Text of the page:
The BBC’s Director of News, Helen Boden, warned him in the Autumn of 2011 him that Newsnight were working on a programme about Savile which might be incompatible with the Savile memorial programmes the BBC was due to air (and did air) in December 2011.
Entwistle claimed before the CMS that he did not ask Boden what the Newsnight programme was about because he did not want to be accused of interfering with editorial authority (this despite the fact that he is officially the BBC’s editor-in-chief) . If he admitted to hearing rumours about Savile before Boden warned him, his claim of respecting editorial authority and autonomy – weak as it is to begin with – would collapse because he would have had every reason to suspect that the Newsnight programme was concerned with Savile’ illicit sexual behaviour. In those circumstances Entwistle would have had to investigate what the Newsnight story was about because , apart from any moral considerations, he risked having a substantial part of his 2011 Christmas programme going west.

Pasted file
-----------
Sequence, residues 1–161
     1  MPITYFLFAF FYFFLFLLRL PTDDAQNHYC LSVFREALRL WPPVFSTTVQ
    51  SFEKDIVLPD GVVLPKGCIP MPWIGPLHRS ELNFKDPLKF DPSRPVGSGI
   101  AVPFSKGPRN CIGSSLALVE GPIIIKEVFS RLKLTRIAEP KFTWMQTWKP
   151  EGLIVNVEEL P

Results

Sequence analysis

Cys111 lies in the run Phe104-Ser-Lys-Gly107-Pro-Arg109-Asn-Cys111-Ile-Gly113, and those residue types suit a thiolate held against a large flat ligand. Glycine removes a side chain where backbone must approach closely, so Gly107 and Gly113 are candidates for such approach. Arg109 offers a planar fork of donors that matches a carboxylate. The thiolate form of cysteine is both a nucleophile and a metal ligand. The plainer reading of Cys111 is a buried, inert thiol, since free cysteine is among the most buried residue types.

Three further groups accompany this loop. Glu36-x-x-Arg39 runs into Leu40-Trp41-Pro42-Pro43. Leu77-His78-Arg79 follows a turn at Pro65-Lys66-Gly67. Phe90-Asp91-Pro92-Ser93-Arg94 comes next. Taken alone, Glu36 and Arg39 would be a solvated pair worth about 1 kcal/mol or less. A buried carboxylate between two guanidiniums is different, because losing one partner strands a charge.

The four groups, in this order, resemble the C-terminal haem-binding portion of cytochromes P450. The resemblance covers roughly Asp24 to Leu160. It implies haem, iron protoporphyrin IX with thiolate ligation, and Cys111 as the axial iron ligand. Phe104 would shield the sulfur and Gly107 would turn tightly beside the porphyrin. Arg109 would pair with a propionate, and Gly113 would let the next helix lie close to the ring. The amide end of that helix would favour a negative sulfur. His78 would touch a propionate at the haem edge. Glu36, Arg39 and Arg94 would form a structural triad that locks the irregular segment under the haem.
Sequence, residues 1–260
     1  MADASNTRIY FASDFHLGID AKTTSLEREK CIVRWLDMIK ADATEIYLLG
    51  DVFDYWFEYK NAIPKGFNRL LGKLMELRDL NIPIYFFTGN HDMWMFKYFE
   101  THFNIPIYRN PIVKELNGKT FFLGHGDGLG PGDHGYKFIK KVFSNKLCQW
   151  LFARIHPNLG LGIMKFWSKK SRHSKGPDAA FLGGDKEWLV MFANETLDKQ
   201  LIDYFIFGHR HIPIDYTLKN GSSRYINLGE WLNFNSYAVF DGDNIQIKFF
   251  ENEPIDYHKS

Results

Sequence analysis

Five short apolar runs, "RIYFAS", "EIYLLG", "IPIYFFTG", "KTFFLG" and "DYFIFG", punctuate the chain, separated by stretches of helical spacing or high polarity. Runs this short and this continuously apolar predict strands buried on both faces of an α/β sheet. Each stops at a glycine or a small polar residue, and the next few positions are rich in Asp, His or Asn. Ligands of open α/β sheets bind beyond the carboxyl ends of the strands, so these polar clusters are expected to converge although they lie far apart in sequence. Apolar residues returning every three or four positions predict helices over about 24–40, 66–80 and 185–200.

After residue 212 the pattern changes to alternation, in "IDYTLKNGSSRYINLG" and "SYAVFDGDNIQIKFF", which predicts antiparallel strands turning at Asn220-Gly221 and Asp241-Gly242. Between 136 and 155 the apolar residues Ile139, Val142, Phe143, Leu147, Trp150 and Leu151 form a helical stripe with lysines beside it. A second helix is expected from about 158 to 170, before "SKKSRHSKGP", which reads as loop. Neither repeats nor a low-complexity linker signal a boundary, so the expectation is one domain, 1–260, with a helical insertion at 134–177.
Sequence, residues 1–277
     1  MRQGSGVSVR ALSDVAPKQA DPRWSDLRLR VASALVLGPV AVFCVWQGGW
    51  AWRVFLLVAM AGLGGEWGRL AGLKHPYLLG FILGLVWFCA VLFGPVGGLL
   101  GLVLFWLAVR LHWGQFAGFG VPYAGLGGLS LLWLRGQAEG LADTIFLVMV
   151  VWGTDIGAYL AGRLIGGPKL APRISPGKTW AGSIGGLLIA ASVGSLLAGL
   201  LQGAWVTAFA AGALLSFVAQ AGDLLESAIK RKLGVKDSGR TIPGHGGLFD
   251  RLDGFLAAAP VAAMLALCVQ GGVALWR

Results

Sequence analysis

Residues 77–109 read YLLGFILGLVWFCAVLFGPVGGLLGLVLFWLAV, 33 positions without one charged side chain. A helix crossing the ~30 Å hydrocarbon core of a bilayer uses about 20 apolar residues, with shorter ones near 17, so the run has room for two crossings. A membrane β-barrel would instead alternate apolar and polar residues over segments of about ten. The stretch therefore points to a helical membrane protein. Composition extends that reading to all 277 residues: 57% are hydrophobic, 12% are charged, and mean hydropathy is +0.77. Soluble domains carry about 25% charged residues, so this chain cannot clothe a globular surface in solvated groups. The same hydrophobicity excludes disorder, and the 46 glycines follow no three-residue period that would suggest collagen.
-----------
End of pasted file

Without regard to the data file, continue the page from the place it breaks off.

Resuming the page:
It might not be possible to prove beyond reasonable doubt (the criminal law evidential test) that the Entwistle is lying or at least not telling the whole truth, or that pressure from above was applied to get the Newsnight editor Peter Rippon to drop the Savile programme, but on the balance of probabilities (the civil law evidential test) it would seem probable that either or both things are true. It is human nature to be curious and both the simple circumstances of the dropping of a story when a great deal of work had been done and the programme was near broadcasting and the warnings given by Meirion Jones, the Newsnight producer, to Rippon that pulling the programme would cause that ‘substantial damage to the BBC’s reputation’ ( http://www.dailymail.co.uk/news/article-2221520/Jimmy-Savile-Panorama-documentary-reveals-BBC-suspected-DJ-sexual-abuse-40-years-ago.html).
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Peter Rippon’s factually incorrect blog (http://www.bbc.co.uk/blogs/theeditors/2012/10/newsnight_and_jimmy_savile.html) has been amended d by, according to Entwistle before the CMS, a statement created by the Corporation’s lawyers and himself. The corrections are:
1.The blog says that Newsnight had no evidence that anyone from the Duncroft home could or should have known about the allegations. In fact some allegations were made (mostly in general terms) that some of the Duncroft staff knew or may have known about the abuse.
2. The blog says that Newsnight had no evidence against the BBC. No allegation was made to the programme that BBC staff were aware of Mr Savile’s alleged activities, but there were some allegations of abusive conduct on BBC premises.